The implied volatility of a stock index is one of the key descriptive variables of the market’s behavior. Its importance often is underestimated despite its huge impact on the price of the option and, thereby, the profit or loss on a trade.
Studies have analyzed how the volatility implied by option prices relates to the subsequent realized volatility (see "Implied to realized," below). Despite all the statistical problems such as overlapping time intervals, bid/ask spreads of the options, etc., experts usually agree that a volatility premium exists: The implied often is higher than the corresponding realized volatility.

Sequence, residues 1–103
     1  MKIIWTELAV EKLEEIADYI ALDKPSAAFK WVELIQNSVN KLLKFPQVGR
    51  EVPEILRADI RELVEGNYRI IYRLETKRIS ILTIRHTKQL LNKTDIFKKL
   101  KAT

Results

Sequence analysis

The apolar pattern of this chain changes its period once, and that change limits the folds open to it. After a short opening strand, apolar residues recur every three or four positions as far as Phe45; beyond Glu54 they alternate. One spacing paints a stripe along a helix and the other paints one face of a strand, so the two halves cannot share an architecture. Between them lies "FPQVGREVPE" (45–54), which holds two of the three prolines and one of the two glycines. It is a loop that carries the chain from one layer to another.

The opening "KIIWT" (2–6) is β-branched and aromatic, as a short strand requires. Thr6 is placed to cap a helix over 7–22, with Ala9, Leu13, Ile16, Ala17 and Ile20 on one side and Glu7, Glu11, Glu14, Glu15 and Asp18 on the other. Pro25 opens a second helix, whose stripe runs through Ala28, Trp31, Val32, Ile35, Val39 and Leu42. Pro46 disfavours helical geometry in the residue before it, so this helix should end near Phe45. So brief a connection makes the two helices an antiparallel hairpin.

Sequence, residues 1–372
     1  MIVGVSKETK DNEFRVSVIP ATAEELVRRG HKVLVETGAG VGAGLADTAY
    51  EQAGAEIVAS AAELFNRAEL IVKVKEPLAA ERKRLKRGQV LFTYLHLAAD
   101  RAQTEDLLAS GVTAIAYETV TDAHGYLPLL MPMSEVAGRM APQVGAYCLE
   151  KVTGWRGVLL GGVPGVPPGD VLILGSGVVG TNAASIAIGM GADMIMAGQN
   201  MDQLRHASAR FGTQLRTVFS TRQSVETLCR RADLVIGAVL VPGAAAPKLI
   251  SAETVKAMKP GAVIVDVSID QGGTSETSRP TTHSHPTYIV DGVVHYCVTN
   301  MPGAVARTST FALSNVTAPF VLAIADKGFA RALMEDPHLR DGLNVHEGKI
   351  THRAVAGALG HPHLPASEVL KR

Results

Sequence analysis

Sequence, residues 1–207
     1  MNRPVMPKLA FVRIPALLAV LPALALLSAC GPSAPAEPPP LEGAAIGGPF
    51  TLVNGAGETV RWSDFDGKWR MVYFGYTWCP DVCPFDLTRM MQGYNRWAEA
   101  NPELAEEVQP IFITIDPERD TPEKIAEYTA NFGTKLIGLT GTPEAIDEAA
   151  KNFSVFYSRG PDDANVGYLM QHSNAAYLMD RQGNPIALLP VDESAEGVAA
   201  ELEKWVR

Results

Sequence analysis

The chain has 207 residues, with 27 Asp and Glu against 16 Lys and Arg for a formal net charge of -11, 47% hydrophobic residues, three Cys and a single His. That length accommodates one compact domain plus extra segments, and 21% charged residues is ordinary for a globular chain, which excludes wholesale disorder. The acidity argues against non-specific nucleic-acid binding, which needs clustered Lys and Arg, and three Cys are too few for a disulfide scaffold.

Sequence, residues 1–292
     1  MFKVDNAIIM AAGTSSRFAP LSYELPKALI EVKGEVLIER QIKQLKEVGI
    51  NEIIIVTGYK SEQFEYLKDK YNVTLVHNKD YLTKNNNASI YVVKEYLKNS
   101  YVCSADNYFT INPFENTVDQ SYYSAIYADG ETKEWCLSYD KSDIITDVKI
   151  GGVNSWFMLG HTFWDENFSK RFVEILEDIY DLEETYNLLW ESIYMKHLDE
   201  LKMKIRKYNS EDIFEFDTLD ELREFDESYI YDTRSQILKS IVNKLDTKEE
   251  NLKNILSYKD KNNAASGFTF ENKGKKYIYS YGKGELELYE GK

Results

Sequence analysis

So-called "vola short" strategies enjoyed a great deal of popularity before the financial crisis of 2008-09. Because of significant losses of those strategies during the financial crisis, however, many funds using those strategies were wiped out completely. Constantly shorting volatility can earn a premium but has huge risks in a downturn when realized volatility increases sharply. Similar losses of pure vola short strategies have been seen recently as the European debt crisis has led to higher stock market volatilities.
Some proponents argue that it should be profitable to short implied volatility when it is high because the premium earned for selling options is higher in these situations. However, this approach, as we have seen, has certain risks that must be controlled. So, when should stock investors buy and when should they write options? A closer look at equity market behavior in the last years sheds some light on this question.